Thursday, June 23, 2005
I have to agree with the dissenting opinion on this one.
It really will open a can of worms.
"WASHINGTON, June 23 - The Supreme Court ruled today, in a deeply emotional case weighing the rights of property owners and the good of the community, that local governments can sometimes seize homes and businesses and turn them over to private developers.
In a case with nationwide implications, the court ruled, 5 to 4, against a group of homeowners in New London, Conn., who have resisted the city's plans to demolish their working-class homes near the Thames River to make way for an office building, riverfront hotel and other commercial activities.
The majority held that, just as government has the constitutional power of eminent domain to acquire private property to clear slums or to build roads, bridges, airports and other facilities to benefit the public, it can sometimes do so for private developers if the latters' projects also serve a public good.
Writing for the majority, Justice John Paul Stevens said, 'Promoting economic development is a traditional and long accepted governmental function, and there is no principled way of distinguishing it from the other public purposes the court has recognized.' The court's ruling is certain to be studied from coast to coast, since similar conflicts between owners of homes and small businesses and development-minded officials have arisen in other locales.
Justice Stevens noted that city officials had been addressing New London's sagging economic fortunes for years, and he said their decisions on how best to cope with them were entitled to wide deference.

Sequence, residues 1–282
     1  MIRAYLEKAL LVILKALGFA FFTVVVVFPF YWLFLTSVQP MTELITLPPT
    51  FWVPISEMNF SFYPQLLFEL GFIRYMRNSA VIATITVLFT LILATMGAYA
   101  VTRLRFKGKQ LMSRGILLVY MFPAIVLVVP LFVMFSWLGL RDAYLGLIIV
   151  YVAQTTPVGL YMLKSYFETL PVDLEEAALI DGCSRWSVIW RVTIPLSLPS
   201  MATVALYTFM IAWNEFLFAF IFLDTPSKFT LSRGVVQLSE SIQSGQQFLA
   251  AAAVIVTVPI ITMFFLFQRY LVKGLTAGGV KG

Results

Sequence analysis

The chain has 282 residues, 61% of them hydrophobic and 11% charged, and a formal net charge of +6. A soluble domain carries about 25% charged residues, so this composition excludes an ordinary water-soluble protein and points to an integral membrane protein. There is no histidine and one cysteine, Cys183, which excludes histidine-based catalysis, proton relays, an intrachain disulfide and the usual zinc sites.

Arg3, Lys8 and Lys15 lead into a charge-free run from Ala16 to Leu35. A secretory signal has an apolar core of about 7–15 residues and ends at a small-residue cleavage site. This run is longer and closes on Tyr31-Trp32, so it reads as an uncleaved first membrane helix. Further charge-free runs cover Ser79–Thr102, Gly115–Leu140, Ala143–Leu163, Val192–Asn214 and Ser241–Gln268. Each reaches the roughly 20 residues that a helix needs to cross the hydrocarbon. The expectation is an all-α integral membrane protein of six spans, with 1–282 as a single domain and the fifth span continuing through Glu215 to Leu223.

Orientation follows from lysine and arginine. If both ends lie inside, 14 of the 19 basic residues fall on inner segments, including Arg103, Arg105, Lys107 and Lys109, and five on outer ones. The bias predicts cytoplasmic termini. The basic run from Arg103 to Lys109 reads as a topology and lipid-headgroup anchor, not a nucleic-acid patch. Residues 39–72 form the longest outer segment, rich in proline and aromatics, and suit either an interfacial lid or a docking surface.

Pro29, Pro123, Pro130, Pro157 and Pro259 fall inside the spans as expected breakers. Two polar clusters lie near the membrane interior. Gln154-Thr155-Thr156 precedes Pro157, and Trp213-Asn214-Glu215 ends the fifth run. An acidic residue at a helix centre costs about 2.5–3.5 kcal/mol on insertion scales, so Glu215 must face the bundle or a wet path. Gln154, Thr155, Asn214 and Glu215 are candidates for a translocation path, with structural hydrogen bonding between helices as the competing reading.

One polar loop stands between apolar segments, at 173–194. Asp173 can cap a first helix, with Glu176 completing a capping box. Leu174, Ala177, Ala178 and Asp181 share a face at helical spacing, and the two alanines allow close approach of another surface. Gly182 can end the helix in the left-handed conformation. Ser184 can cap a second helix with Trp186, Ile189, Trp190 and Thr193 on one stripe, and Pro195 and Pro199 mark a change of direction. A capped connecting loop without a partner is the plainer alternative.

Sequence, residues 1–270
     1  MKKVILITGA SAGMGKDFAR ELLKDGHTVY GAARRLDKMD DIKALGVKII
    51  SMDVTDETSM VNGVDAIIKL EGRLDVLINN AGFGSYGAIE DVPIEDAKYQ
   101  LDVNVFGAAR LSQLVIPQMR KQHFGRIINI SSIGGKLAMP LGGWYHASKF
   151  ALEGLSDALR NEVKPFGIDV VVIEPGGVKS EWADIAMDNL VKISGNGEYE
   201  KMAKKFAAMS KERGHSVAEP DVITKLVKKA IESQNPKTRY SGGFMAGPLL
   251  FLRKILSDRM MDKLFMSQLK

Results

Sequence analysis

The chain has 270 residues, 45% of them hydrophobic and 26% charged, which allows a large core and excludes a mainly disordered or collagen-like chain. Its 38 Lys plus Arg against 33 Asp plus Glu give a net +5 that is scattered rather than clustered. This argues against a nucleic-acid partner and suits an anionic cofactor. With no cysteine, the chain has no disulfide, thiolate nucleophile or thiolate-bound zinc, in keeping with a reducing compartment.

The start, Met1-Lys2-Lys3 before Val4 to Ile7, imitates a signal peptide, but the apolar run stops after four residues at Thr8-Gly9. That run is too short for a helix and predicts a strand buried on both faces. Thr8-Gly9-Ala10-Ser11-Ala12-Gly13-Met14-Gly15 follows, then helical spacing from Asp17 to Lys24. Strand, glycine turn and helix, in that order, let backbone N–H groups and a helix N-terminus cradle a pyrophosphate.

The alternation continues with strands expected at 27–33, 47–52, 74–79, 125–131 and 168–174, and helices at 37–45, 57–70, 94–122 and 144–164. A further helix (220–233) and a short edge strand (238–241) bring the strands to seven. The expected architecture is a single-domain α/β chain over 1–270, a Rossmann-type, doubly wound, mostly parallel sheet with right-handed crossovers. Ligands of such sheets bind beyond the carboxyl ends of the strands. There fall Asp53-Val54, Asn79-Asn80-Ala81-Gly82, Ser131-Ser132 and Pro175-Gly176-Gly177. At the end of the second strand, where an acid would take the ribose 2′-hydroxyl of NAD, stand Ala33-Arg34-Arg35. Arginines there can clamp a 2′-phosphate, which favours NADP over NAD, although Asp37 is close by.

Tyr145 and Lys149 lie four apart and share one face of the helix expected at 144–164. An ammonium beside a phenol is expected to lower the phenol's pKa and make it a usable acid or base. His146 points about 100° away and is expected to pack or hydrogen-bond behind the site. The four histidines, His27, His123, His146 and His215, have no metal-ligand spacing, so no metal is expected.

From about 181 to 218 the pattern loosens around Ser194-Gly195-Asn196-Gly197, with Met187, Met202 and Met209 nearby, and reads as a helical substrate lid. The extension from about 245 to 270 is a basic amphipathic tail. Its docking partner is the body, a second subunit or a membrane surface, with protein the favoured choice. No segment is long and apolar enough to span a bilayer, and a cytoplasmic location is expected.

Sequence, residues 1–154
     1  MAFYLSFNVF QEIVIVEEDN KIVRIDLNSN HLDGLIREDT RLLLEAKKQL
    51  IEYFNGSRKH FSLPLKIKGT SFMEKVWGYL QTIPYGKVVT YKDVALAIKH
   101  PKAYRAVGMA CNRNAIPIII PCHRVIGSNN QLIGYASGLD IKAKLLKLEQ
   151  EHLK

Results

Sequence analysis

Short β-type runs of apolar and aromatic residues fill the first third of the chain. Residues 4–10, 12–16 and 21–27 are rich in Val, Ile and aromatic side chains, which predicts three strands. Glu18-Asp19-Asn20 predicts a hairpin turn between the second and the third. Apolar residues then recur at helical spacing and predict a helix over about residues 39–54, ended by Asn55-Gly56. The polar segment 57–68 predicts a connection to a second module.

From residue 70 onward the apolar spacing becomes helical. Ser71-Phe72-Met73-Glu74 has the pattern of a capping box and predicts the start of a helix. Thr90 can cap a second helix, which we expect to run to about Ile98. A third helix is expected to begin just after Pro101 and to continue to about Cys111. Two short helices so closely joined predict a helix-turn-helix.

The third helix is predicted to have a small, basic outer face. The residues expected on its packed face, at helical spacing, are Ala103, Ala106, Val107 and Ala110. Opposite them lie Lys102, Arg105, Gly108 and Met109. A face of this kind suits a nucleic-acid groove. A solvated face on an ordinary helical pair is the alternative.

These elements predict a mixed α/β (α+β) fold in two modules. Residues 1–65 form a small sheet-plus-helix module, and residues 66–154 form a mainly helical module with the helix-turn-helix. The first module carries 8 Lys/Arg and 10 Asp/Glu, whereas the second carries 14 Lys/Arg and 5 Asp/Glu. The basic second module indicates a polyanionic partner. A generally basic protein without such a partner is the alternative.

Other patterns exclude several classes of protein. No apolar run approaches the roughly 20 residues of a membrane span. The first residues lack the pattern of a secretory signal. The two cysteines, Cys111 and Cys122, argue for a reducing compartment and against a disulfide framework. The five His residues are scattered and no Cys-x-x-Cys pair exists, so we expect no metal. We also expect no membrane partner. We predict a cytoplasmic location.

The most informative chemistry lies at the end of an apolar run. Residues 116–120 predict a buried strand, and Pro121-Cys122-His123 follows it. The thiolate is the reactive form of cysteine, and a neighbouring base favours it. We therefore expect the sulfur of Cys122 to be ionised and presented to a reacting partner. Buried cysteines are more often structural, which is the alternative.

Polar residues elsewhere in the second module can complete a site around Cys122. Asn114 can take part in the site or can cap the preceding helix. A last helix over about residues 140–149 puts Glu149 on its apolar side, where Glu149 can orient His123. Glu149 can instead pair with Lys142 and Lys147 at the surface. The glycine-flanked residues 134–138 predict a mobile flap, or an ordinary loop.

Of course, he wrote, the city would be barred from taking one's property and transferring it to another private owner strictly for the latter's benefit. But in this instance, he said, the city is promoting a variety of commercial, residential and recreational land uses 'with the hope that they will form a whole greater than the sum of its parts' and bring economic benefits to the general community.
In a bitter dissent, Justice Sandra Day O'Connor said the majority had created an ominous precedent. 'The specter of condemnation hangs over all property,' she wrote. 'Nothing is to prevent the state from replacing any Motel 6 with a Ritz-Carlton, any home with a shopping mall, or any farm with a factory.'
'Any property may now be taken for the benefit of another private property, but the fallout from this decision will not be random,' she wrote. 'The beneficiaries are likely to be those citizens with disproportionate influence and power in the political process, including large corporations and development firms.